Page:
As the actor and LGBTQ+ advocate Nico Tortella told Rolling Stone in a recent interviewIf I’m talking to somebody who’s more conservative and doesn’t believe in a nonbinary gender, then it’s easier to use the word bisexual, but if I’m talking to someone who’s invested in gender, queer theory, and understands the spectrum, then I’m more comfortable using the word ‘pansexual’ or the word ‘fluid.’” So what does this mean? It means you have every right to grow, change, and describe your sexuality however makes you feel comfortable. It’s up to you! There’s no right answer. No one gets to tell you how to identify. 


Whatever the answer, talk about it!

If you want one term to describe you or your partner’s sexuality in its entirety, you probably wont. One term is nowhere near enough. These things aren’t that simple. As we grow and progress as a society we will need more and more words to describe the ways we live. And that’s a good thing!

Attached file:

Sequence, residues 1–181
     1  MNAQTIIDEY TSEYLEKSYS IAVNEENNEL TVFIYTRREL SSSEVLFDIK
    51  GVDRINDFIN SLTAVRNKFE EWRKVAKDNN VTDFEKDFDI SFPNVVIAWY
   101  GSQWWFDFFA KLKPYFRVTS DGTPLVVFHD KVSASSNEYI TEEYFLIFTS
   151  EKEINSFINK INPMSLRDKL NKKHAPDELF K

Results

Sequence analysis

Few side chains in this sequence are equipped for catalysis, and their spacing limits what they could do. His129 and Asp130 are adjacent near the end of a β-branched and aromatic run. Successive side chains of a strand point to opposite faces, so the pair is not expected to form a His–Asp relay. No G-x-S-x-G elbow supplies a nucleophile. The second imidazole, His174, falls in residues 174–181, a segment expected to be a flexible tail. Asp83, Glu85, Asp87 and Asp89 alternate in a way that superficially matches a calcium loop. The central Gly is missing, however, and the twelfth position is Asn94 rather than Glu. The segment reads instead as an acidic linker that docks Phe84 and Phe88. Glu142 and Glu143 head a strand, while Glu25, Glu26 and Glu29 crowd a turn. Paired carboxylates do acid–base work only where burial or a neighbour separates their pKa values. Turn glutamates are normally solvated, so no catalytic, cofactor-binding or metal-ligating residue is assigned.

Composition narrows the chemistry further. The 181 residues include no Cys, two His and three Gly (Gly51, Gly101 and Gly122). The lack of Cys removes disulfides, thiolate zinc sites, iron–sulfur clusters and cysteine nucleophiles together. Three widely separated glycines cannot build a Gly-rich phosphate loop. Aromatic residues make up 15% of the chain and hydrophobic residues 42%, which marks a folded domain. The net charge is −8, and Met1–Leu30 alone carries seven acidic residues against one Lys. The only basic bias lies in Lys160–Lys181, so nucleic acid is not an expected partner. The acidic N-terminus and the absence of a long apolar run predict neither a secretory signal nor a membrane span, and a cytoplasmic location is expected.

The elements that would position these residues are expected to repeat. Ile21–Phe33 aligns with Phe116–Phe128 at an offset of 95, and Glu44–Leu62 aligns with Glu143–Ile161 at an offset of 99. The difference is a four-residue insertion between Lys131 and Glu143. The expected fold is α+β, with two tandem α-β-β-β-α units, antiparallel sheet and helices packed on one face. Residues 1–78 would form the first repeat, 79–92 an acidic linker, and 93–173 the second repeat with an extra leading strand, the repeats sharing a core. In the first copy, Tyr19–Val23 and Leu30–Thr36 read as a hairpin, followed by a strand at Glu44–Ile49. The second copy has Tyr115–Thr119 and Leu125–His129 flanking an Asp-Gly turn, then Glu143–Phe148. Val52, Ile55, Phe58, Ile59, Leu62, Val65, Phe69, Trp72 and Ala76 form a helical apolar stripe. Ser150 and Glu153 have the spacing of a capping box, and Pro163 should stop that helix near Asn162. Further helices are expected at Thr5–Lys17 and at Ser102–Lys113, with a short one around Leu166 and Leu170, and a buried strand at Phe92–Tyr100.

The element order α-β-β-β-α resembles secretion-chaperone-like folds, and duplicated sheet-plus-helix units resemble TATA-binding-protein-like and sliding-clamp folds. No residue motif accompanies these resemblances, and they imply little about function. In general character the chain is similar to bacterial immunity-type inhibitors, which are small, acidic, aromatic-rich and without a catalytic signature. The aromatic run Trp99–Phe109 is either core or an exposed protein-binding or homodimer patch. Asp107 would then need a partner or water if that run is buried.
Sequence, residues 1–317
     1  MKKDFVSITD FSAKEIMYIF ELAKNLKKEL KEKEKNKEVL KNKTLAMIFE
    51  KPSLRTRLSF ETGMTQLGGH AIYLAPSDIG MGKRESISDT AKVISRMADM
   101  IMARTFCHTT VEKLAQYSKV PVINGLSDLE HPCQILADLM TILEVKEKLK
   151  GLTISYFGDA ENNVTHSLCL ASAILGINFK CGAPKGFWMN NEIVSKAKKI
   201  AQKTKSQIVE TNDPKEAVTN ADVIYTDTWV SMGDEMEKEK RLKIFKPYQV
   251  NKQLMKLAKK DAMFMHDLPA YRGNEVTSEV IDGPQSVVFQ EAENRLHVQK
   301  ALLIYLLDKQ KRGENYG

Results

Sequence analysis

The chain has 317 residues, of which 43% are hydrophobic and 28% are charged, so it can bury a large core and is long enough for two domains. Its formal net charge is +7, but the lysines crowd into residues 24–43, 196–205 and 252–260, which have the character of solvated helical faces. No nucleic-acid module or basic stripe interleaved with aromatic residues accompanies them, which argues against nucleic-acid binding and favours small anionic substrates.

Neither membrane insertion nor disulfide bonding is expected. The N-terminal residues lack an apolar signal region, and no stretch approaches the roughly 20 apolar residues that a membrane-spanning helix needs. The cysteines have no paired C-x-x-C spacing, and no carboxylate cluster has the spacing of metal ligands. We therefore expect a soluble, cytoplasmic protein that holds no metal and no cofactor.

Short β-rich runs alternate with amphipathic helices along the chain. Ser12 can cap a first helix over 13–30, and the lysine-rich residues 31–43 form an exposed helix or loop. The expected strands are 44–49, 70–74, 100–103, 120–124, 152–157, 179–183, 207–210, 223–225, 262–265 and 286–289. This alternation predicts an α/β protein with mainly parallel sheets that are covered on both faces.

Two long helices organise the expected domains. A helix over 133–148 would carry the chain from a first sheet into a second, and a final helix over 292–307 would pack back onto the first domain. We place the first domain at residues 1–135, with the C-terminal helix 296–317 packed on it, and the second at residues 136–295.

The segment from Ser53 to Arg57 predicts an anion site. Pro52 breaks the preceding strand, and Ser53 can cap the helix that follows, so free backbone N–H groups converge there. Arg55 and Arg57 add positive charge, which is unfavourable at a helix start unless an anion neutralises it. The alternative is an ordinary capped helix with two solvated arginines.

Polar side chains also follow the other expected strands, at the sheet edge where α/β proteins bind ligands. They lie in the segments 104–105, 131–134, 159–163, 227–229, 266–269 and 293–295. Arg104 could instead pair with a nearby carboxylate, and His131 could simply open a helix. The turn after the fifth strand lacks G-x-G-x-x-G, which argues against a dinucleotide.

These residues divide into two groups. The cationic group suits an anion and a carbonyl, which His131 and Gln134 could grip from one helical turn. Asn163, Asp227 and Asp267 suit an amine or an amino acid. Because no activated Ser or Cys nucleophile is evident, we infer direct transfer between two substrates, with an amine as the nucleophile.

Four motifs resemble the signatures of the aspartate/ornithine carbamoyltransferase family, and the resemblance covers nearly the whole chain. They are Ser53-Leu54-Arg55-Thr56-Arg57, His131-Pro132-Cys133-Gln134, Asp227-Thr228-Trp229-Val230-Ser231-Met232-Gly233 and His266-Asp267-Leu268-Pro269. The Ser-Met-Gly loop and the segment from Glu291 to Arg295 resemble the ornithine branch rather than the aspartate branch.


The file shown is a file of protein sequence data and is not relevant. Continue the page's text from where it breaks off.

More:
As a queer person who’s used many of the identifiers on the LGBTQ+ spectrum at different times in my life, I can assure you one thing. Nothing is one size fits all. Just because your partner tells you that they’re bisexual or pansexual, it doesn’t mean you know everything about their sexuality. You couldn’t possibly! It’s best to think of yourself as a beginner when using these terms. That mindset leads to a more in depth, personal, and maybe even sexy, discussion. The more you know, the more you grow. 


So whether you’re straight, bi, pan, or somewhere in between, I hope you understand a little bit more about the intricacies of bisexuality and pansexuality. Staying informed in sexy! And who doesn’t want to be sexy?


Tessa Skara is a writer and comedian. She is bravely bicoastal. She loves all things queer, including, but not limited to sex. Follow her on Instagram @tessafuckinskara.